Posted in Uncategorized

Say ‘Thank You’

A successful relationship depends not just on how partners divvy up the household chores, but also on how they gratitude.

A new study sheds light on why one partner often gets stuck with certain household chores while the other is oblivious to the piled-up laundry or overflowing garbage. The trick to harmony could be a simple “thank you,” the research indicates.


researchers suggest:

  • Perform tasks before they become necessary.
  • Stick to a schedule for specific chores.
  • Be mindful of the work your partner does and remember to express gratitude.
  • Write down a list of your tasks. Then, switch lists (and tasks) for a week or month to better understand your partner’s contributions.
  • Understand that each partner has a different threshold for household chores so you can address your partner in a calmer, less accusing way.
( host added: ….scriptures anyone…..anyone ? )
Posted in Uncategorized

Couples Who Say ‘We’ Fare Better in Fights

Couples who consistently refer to themselves as “we” may get on the nerves of singletons everywhere, but spouses who use this “couple-focused” language may fare better during conflicts than those who don’t, according to a study announced this week.

The study found that using personal pronouns, such as “we,” “our” and “us,” when talking about a conflict was associated with more positive behaviors between the pair, such as affection, less negative behavior (like anger), and lower physiological stress levels during the disagreement.

On the other hand, using words that expressed “separateness,” such as “I,” “you,” and “me,” during the discussion was associated with marital dissatisfaction.

Discussions regarding marital disagreements can sometimes turn into hostile interactions, said study researcher Benjamin Seider, a graduate student in psychology at the University of California, Berkeley. “And our thinking is that, using the ‘we’ words in that context can maybe help realign the couple, and help them to see themselves as being on the same team as opposed to adversaries,” he told LiveScience.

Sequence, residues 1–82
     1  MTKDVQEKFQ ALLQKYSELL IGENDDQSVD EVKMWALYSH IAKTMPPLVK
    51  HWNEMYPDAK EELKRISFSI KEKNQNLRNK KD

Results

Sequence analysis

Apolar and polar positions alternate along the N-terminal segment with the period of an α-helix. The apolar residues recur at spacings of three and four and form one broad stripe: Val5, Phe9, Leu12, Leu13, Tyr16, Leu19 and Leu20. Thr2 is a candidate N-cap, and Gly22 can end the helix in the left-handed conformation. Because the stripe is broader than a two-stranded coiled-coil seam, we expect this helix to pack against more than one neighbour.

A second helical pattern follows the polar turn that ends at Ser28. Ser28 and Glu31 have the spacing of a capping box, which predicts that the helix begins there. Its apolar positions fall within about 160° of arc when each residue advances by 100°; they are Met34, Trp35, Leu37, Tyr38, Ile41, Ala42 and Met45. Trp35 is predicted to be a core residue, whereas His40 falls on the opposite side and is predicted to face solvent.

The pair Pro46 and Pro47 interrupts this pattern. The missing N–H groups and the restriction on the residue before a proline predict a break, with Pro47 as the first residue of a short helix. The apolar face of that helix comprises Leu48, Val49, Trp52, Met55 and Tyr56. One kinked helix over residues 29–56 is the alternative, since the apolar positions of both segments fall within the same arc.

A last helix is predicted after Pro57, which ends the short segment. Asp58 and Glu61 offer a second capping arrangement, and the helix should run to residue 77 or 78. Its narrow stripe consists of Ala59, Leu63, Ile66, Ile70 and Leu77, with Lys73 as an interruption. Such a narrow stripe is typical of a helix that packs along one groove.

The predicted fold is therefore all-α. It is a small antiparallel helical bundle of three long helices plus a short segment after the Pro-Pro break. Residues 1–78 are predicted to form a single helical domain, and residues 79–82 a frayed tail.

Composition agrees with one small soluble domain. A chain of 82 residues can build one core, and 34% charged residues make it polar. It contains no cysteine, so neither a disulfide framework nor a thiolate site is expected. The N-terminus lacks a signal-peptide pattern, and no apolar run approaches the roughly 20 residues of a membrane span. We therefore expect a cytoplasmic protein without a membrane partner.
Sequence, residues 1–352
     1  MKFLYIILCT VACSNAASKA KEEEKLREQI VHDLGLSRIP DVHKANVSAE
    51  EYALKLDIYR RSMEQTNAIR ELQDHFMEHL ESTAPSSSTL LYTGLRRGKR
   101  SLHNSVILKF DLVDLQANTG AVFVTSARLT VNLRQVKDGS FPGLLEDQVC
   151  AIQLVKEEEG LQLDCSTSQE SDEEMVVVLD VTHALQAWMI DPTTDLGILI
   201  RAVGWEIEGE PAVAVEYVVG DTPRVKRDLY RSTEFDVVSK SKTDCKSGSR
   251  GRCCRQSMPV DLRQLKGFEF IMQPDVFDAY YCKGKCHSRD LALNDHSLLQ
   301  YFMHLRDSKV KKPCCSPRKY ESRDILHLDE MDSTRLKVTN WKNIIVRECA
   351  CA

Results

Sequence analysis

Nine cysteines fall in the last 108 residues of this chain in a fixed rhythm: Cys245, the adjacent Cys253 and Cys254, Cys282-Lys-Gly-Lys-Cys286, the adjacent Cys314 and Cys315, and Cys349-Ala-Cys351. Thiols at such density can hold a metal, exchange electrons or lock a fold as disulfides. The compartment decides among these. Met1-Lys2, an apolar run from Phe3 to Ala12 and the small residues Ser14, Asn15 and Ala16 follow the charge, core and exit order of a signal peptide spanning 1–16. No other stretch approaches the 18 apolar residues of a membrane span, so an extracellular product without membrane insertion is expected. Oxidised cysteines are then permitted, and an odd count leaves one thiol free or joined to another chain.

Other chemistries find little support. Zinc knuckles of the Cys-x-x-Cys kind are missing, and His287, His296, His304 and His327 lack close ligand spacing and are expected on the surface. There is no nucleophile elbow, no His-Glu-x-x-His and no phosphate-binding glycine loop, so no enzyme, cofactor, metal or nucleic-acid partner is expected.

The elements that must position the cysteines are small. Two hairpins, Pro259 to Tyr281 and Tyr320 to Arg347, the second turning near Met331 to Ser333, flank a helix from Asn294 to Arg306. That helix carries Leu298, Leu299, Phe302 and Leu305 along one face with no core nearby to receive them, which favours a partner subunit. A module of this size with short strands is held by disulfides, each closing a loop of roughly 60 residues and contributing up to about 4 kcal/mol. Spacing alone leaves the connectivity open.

However, since the results are based on conversations that took place in a laboratory setting, more research is needed to firm up the findings.

Conflict conversations

The study involved 154 middle-aged and older couples who were in their first marriages.

The spouses were video-taped during a 15-minute conversation regarding a conflict in their marriage. At the same time, scientists monitored the participants’ heart rate, body temperature and how much they sweated, among other factors to assess their physiological state. All the data was collected back in 1989-1990 as part of a long-term marital study.

Seider and his colleagues went back and examined the tapes, looking at signs of emotional behavior, such as facial expressions and tone of voice.

In addition to finding that “we” language is linked to emotional behavior, the researchers also found that older couples used more “we” words, a result suggesting couples who have been together longer have developed a stronger shared identity with their partners than younger couples.


The results were published in the September 2009 issue of the journal Psychology and Aging.